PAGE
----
Years before I even was one, I had only ever heard the word “teenager” in a negative context. I got the clear impression that once I turned 13 I’d become mean and rude. Then I actually turned 13 and passed through my teen years, realizing I was not particularly mean or rude, but simply myself. But everyone else assumed I was mean and rude. Often when they never met me and knew nothing about me except my age.

Our society encourages this. News reports emphasize crimes committed by teens over those by adults. Crimes by 17-year-olds are seen as representative of all teens and a sign of a youth crime wave, while a 37-year-old criminal, if his age is even given, is acting alone and other 37-year-olds remain innocent. It’s common to look at teens as lazy, spoiled, and prone to “misbehavior”, all taking a toll on “their poor worried parents”. As a result, parents, school officials, and politicians see teenagers as those to be controlled against their wishes, those to be forced into submission, those incapable of making sound decisions on their own, so our policies come to reflect this, and teens become more and more restricted.

But… it doesn’t have to be this way.

It doesn’t have to be that there are still 19 states that allow schools to paddle their students, something the practice’s proponents claim is necessary because of how “unruly” the students are. No adult can be legally paddled for any reason, yet such violation of bodily integrity is seen as justified for young people because it’s more important they are obedient, submissive, and “well-behaved”.

It doesn’t have to be that, around the country, for these “misbehaving” youth, there are unregulated behavior modification facilities that withhold food, water, and medical care, that harmfully restrain and seclude young people, all as part of their “treatment”. Usually they were sent there not because a judge ordered it but their parents merely gave the word, decided their son/daughter needed to be “fixed”, and that was all that was needed to subject this teen to such life-threatening conditions. And in many cases, the teen’s only “crime” was slipping grades, questioning the family’s religion, or being gay.

And all of these things are still legal, being kept legal by politicians the young victims cannot vote against. These young victims are the result of a culture that insistently fears young people.

But it doesn’t have to be this way.

We all know it doesn’t have to be this way or the countless other ways our ephebephobic culture hurts youth. For the past 13 years, NYRA has known and operated under the ideal that it doesn’t have to be this way. For the past 13 years, our organization has grown and our chapters and members have run big and small campaigns to make change for youth rights, because it doesn’t have to be this way. We stand up and challenge the anti-youth assumptions and policies that hurt young people, even when “common knowledge” and prejudices are so widely against us, because it doesn’t have to be this way.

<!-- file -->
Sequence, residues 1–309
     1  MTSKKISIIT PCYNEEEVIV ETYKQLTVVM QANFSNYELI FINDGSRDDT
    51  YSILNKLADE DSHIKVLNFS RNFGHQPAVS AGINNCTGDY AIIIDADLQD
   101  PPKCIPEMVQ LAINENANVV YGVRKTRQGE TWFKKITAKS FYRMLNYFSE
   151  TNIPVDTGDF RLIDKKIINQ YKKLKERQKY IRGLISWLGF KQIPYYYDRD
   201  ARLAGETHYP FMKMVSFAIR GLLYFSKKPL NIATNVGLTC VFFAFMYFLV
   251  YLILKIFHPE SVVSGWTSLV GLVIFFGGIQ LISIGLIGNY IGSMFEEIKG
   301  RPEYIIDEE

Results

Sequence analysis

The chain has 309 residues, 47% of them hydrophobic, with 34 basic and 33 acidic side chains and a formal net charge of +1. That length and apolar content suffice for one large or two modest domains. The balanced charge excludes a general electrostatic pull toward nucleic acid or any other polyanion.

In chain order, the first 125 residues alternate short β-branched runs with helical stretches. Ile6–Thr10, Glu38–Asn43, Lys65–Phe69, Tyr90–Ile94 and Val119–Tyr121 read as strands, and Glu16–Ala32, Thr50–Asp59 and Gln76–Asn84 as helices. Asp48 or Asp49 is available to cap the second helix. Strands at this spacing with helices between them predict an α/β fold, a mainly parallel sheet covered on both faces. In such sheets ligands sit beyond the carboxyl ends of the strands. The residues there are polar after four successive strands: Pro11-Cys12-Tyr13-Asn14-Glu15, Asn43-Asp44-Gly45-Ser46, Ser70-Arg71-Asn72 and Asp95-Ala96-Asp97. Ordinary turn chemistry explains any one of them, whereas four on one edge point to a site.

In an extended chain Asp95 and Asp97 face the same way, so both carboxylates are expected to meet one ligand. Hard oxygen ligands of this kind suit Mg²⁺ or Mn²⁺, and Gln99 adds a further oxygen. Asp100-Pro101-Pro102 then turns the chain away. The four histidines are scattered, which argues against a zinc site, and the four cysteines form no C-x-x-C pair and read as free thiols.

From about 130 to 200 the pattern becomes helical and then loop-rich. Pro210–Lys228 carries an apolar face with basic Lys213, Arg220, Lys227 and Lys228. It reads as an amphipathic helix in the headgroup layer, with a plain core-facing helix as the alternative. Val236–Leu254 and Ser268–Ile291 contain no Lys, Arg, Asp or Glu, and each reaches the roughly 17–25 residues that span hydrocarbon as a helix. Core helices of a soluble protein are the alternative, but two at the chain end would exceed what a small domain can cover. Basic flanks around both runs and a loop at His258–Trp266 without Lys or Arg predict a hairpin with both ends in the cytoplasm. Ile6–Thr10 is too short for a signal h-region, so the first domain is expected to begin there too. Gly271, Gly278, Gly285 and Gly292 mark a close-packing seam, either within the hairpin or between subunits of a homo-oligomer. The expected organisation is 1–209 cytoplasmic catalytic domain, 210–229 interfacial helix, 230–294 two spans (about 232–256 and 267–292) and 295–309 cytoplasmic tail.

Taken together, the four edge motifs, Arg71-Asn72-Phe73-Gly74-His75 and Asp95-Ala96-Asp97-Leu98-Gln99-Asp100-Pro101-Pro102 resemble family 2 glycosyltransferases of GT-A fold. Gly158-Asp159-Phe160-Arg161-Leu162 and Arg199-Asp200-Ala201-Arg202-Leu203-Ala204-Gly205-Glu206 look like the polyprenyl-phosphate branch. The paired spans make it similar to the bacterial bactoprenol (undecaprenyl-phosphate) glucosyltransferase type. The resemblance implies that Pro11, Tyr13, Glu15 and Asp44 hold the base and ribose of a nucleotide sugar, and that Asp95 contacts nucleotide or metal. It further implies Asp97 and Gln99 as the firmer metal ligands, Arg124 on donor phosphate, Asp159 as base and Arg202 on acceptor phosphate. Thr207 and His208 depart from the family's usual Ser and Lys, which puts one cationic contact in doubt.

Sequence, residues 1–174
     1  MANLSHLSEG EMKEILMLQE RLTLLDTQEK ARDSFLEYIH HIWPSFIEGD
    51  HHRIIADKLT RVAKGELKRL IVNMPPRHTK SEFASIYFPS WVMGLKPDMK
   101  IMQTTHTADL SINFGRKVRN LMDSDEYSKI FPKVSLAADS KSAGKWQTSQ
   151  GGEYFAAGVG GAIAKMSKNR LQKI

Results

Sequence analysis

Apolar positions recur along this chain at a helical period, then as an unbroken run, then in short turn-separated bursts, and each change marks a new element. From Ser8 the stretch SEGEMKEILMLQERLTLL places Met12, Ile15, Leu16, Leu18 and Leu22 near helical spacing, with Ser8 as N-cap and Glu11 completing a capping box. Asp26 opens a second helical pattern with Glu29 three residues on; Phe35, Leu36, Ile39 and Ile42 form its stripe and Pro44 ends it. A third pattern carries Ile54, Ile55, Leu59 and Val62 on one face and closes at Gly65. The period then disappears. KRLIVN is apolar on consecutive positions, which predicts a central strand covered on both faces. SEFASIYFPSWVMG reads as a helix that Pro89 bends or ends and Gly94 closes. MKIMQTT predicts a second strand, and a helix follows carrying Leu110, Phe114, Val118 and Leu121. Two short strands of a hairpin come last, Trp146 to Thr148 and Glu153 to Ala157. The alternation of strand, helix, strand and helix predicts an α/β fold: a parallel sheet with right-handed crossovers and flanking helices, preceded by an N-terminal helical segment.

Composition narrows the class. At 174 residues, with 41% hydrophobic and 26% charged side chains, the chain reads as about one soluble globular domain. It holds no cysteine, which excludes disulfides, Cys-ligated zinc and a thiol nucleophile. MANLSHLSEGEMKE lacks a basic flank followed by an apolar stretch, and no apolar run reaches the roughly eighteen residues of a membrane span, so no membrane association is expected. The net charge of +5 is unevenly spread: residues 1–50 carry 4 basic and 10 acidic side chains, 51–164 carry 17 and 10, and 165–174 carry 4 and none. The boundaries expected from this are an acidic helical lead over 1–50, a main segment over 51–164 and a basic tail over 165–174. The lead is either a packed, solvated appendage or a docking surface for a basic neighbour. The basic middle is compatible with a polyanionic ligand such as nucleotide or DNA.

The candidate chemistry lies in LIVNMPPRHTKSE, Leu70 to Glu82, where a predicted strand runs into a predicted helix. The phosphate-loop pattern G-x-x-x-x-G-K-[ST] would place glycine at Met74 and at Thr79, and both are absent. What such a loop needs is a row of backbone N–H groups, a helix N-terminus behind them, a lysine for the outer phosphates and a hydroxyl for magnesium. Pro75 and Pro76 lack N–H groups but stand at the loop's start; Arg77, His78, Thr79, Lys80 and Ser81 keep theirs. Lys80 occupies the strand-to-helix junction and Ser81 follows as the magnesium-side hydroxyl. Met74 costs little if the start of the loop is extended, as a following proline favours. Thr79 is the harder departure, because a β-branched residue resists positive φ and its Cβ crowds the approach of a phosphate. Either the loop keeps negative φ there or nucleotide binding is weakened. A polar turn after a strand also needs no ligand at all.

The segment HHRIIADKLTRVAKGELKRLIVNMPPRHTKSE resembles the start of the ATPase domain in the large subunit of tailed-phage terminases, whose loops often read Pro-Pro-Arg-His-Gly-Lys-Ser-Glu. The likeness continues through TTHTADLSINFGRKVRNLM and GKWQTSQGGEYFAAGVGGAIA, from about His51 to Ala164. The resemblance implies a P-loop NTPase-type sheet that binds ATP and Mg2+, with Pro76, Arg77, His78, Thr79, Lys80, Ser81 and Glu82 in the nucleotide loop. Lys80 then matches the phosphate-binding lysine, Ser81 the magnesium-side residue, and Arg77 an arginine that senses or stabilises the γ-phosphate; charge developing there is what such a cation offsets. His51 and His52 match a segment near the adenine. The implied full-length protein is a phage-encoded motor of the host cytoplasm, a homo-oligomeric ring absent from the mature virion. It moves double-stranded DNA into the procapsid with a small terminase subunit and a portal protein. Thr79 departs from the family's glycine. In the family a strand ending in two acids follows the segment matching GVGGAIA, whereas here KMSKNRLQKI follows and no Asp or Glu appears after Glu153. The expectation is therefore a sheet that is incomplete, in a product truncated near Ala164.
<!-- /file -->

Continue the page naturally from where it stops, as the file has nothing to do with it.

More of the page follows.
That is what Usiel Phoenix says at rallies and protests.

That is what Jeffrey Nadel says in his TV and radio spots.

That is what Samantha Godwin says in scholarly journals.

That is what Chris Hardy says to rights-violating schools.

That is what Alex Koroknay-Palicz says in testimonies against ageist legislation.

That is what we all say, all the time.

Our ever-growing strength to turn the tide, to right all these anti-youth wrongs, has always come from one place: YOU! It is devoted members like YOU who carry and spread the ideal that it doesn’t have to be this way, that it shouldn’t be this way, that our anti-youth culture hurts youth and helps no one. You spread the word in conversations and on social media, on blogs and in letters. You may come to our online forums and chats and talk with us about your views and ideas. You tell school officials and politicians their anti-youth policies are unacceptable. You may have seen us tabling at your event and talked with us. You may have attended our annual meeting. Even where our individual specialties and visions differ, we still all share the same ideal that discrimination against the young is a serious problem, and that it doesn’t have to be this way. That things MUST change! We’re all in this together!

So to help make 2012 an even greater year for our cause, to help NYRA grow and become even stronger against ageism, please consider making a donation!

Your generous contributions help us to reach new audiences and run bigger campaigns. Your contributions help maintain our current projects and expand into new areas. Your contributions help us make a bigger and more lasting impact in eliminating anti-youth policies and increasing youth rights and freedom.

We just helped stop a curfew proposal in Montgomery County, MD. Help us to grow and expand, to spread support for youth rights, and make it so curfews are no longer even considered anywhere! Help us change curfews and other anti-youth policies from a current oppressive reality to just a shameful thing of the past.

Because… it doesn’t have to be this way. So we’re changing it!

Katrina Moncure
Secretary, Board Member
National Youth Rights Association

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